From 2024 landlords in the UK with an annual income over £10,000 will have to file their tax returns via HMRC’s new Making Tax Digital (MTD) initiative, a year later than originally expected.
Through MTD, landlords will not only submit one annual tax return, but also quarterly submissions of income and expenditure, to give a real time snapshot of their tax position throughout the year.
(Find out more about what’s affecting UK landlords in the Tax World by reading our Ultimate Guide to Landlord Tax Returns!)
And with a change of process also comes a change in the penalty system. HMRC is bringing in a new points-based penalty system to better align with MTD.
According to HMRC the aim of the new penalty system is to be more supportive of those with genuine reasons behind mistakes or late filing, while still fining those who are consistently late.
How has the penalty system changed?
Some could argue that rather than being simpler, it is more complicated. The system measures fines by length of time since late submission, with the penalties accruing once the clock starts ticking.
The new system works in a similar way to the UK driving licence. You receive points on your record if you have a late submission – and once you pass a certain point “threshold” then you receive a penalty.
Here’s how it works
When a taxpayer misses a submission deadline they incur a point – these points build up to penalty thresholds, with each submission obligation (i.e. quarterly or annually) having a different threshold. Once this point threshold is reached, then a fixed penalty amount of £200 will be issued for every missed submission.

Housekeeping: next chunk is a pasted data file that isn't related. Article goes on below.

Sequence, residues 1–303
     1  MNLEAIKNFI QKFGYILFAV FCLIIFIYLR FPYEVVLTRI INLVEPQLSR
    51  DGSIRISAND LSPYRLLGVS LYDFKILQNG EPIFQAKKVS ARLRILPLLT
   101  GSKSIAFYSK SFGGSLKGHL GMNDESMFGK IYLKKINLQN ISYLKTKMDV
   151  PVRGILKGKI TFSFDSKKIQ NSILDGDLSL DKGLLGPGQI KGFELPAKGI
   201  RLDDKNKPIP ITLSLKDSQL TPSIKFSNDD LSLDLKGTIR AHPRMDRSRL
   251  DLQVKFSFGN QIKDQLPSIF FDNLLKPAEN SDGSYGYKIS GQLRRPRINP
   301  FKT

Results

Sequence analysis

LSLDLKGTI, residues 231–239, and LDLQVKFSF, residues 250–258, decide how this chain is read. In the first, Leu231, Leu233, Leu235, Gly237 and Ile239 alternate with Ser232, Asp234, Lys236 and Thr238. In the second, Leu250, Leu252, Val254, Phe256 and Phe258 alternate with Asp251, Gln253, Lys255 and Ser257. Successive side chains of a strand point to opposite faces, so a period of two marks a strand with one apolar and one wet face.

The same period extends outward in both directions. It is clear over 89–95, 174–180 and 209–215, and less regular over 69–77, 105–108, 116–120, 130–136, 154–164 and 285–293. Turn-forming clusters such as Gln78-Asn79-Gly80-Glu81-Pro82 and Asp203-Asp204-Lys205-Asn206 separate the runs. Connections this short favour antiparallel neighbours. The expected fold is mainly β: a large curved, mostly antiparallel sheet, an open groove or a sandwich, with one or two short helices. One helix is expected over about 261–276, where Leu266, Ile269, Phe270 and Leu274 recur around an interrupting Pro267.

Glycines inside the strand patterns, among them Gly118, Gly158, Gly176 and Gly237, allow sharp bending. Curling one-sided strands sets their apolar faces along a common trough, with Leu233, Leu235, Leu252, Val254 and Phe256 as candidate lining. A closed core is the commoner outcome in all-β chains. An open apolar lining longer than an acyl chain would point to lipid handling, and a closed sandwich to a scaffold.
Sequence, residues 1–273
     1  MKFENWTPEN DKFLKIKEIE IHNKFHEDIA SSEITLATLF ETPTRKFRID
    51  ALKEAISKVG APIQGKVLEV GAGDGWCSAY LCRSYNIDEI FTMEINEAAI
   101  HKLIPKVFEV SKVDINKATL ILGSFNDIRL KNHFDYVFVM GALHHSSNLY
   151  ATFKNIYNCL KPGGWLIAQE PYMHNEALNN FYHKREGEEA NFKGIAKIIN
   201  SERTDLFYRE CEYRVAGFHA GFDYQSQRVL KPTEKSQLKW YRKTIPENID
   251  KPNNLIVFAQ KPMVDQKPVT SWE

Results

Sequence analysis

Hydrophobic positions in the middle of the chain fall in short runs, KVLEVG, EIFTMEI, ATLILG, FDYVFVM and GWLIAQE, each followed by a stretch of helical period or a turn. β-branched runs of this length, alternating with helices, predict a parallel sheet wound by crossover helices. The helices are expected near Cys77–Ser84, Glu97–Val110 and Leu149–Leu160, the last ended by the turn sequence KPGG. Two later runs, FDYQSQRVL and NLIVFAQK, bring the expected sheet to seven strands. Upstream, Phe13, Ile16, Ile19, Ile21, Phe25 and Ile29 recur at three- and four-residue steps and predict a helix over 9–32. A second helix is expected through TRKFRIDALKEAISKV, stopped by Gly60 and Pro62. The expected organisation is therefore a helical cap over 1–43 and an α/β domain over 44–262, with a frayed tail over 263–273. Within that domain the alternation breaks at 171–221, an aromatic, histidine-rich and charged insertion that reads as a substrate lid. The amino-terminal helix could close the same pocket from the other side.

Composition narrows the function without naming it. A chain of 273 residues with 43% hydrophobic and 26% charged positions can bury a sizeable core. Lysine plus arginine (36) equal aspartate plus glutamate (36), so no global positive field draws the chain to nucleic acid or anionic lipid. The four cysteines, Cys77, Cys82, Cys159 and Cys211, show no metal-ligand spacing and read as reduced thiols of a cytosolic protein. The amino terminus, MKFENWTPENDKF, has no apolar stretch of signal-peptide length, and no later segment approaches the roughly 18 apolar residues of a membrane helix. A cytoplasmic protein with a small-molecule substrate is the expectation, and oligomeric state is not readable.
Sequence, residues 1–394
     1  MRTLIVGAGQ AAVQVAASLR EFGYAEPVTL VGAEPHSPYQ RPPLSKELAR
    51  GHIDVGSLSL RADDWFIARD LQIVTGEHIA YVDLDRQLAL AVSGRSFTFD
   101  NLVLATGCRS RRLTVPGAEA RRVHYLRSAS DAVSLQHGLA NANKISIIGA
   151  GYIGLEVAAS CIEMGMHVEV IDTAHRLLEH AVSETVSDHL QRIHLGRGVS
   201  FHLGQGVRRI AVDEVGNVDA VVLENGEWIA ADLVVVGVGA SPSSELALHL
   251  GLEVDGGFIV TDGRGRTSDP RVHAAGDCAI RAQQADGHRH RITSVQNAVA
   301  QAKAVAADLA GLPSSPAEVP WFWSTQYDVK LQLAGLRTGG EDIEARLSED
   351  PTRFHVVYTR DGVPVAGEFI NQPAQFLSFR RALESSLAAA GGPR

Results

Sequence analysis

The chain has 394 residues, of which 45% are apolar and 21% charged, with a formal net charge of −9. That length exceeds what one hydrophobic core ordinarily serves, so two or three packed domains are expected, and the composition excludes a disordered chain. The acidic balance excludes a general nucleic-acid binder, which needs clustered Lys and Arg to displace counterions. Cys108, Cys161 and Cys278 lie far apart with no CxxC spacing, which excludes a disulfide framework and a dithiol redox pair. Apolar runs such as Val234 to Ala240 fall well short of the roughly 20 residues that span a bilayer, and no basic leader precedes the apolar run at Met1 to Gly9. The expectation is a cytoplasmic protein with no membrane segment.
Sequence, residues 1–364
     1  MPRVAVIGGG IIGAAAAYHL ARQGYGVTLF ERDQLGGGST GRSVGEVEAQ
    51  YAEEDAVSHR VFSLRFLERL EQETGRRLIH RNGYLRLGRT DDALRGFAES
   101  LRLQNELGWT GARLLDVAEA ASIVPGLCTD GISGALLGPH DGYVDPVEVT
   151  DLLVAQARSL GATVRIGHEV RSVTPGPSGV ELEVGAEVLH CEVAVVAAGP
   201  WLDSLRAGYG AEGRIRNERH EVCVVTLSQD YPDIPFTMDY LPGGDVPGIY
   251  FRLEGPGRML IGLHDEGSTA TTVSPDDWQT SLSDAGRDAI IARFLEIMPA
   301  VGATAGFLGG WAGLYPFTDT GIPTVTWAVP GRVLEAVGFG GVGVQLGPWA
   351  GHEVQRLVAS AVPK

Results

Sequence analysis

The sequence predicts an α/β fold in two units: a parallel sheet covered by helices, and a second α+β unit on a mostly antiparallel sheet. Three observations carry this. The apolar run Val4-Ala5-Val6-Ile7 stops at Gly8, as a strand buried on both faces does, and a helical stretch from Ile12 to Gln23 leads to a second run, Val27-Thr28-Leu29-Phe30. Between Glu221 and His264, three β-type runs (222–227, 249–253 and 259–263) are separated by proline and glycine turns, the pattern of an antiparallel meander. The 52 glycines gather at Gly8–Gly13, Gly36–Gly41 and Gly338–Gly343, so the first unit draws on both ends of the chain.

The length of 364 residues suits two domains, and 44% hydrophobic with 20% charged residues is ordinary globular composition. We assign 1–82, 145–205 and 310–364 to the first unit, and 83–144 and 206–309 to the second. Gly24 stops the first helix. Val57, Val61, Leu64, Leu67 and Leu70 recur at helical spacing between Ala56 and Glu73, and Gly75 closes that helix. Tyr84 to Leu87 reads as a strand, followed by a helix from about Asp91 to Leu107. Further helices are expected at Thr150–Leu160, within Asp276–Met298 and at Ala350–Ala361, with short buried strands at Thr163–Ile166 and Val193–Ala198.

The Penalty thresholds are as follows;
|Submission frequency||Penalty threshold|
If the penalty threshold isn’t passed, then the points will be cleared after two years.
But if the points threshold is passed, then all the points gained will be wiped only AFTER they have met a period of compliance as set by HMRC (Annual submissions 24 months, Quarterly submissions 12 months) AND submitted all the submissions due from the previous two years.
For late payment, penalties are issued by length of time passed from the due date – however HMRC have said that they will take a ‘lighter’ approach for the first year of implementation, and a way of easing taxpayers into the system.
The basic structure surrounding penalties for late payment is;
|Number of days late||Penalty|
|16-29||2% of outstanding amount|
|30||4% of outstanding amount|
|31+ (2nd penalty only)||4% per day on outstanding amount|
But don’t worry – This will not come into effect until 2024, and HMRC will be releasing more information in the lead up to the new system going live.
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